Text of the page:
I recently read a question on a Wing Chun social media forum, ‘If you are going to do chain punches, what path should they follow?’ That is a valid question for the uninitiated.
We can come up with all sorts of fancy explanations, but the simple answer is, in front of you. In Wing Chun, we would reference the Center Line / Central Line theories. Boxers might talk about the straight punch, or weight. Frankly, it does not matter what martial art you reference from, the delivery of a strike is always in front of you.
Certainly, there are distracting or moving angular pokes and slaps, though these are never power strikes. They cannot be, as the weight of the body is not behind them. Even the boxer’s hook, when delivered properly, lines up with the area in front of the boxer. While the hook starts out almost perpendicular to the boxer, during delivery the boxer’s hips should turn into the punch so the force of the blow is, more or less, toward the front of the boxer.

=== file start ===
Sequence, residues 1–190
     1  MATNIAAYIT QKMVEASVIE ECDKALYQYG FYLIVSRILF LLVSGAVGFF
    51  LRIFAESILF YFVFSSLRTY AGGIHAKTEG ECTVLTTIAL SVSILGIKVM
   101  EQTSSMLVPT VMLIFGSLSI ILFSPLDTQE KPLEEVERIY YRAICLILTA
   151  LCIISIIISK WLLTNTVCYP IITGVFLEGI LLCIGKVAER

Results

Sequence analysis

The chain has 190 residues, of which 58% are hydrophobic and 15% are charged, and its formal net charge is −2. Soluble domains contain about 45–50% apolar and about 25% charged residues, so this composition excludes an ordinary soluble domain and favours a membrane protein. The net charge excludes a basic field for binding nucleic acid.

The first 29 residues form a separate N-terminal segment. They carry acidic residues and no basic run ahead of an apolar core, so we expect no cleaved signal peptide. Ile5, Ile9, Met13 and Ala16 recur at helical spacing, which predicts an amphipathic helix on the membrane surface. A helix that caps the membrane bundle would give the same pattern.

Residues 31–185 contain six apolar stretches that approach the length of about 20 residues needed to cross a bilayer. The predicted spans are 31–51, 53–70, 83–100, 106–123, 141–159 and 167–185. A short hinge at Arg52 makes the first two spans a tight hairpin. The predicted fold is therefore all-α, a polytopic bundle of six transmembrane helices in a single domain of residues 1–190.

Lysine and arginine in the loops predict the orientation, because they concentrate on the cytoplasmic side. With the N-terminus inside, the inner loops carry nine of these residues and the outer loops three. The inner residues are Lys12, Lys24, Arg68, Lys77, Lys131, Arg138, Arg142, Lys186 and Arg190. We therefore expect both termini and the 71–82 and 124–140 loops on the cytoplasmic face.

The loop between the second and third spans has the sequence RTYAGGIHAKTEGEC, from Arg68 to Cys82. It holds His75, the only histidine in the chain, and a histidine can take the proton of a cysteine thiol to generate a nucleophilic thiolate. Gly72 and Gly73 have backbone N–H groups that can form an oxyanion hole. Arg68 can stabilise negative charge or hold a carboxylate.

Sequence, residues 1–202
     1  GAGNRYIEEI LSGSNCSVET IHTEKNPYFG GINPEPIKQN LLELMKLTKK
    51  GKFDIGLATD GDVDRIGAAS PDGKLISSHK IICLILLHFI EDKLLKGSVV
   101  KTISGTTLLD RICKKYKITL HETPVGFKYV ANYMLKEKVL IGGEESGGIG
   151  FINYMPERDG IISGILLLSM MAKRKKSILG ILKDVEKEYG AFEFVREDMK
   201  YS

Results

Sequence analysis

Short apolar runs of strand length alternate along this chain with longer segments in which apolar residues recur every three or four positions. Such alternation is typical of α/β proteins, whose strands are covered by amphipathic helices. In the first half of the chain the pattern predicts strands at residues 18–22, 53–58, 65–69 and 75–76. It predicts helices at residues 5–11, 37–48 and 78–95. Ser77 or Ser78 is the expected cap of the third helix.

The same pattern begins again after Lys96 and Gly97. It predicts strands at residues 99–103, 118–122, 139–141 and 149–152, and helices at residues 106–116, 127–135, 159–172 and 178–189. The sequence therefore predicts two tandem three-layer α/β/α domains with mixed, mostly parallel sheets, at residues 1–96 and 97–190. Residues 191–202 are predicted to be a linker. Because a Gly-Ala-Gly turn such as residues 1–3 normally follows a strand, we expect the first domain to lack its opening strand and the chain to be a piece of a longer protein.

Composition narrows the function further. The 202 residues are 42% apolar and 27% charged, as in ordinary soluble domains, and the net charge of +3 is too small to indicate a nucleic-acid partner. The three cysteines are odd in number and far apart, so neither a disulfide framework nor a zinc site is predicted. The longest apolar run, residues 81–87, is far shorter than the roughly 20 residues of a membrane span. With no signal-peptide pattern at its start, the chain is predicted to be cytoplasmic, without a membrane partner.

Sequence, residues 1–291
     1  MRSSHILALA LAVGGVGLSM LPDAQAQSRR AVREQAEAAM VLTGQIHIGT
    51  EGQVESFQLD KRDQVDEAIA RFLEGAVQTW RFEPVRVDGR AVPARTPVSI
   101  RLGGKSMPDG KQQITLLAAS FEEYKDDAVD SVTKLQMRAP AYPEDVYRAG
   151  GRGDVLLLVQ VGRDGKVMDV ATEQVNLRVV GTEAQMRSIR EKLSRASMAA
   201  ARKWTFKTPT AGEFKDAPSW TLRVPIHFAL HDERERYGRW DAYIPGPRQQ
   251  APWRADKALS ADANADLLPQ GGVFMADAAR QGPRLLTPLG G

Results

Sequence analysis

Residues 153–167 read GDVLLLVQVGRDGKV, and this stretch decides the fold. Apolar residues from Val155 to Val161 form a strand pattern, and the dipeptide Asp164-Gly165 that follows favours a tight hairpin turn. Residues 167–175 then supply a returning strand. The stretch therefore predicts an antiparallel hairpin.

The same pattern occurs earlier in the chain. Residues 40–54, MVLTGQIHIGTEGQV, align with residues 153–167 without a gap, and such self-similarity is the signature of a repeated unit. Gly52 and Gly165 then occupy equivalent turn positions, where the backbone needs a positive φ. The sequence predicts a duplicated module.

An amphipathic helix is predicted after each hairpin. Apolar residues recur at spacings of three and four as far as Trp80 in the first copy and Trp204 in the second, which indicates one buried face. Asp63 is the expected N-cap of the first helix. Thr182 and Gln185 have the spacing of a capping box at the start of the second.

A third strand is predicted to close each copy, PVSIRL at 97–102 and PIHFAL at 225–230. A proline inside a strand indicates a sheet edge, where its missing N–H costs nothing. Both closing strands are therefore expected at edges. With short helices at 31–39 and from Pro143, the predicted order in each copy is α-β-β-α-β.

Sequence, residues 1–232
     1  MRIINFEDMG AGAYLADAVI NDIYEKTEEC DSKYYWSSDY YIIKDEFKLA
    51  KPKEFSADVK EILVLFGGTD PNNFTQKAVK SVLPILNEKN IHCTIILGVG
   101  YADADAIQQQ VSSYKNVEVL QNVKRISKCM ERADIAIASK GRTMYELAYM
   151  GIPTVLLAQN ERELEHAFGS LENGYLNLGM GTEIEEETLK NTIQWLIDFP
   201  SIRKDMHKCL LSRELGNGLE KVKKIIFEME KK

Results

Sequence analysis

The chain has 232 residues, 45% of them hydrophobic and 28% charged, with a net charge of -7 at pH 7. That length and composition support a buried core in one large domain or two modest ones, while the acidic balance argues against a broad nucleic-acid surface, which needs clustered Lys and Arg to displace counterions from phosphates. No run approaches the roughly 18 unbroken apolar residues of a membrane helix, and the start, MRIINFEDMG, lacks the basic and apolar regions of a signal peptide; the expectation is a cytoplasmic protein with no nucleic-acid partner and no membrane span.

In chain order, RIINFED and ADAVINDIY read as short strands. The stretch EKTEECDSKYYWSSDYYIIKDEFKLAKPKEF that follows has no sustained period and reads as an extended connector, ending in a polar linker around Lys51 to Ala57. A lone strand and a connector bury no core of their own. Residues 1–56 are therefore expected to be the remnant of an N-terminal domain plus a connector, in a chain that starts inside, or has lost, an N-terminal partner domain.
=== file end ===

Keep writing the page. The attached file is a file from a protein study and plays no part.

I suppose the questioner was wondering what to do if the opponent moves during the series of straight-line punches, often called Chain Punches. Should the punches suddenly take a new angle? From the puncher’s point of view, the angle should not change. The puncher should move their body to focus on the opponent, either their Center Line or an advantageous Central Line. The punches continue to be delivered right down the puncher’s center – in front of them.
In an omnipresent, third person point of view, the punches may have changed their path, curving or bending their course to stay on target. However, like a gun, regardless of where the gun is pointed, the bullets always travel straight out of the barrel, in front of the gun itself. So too, should a practitioner’s punches. The path does not change. It is always in front of you.
It’s Wing Chun – Relax.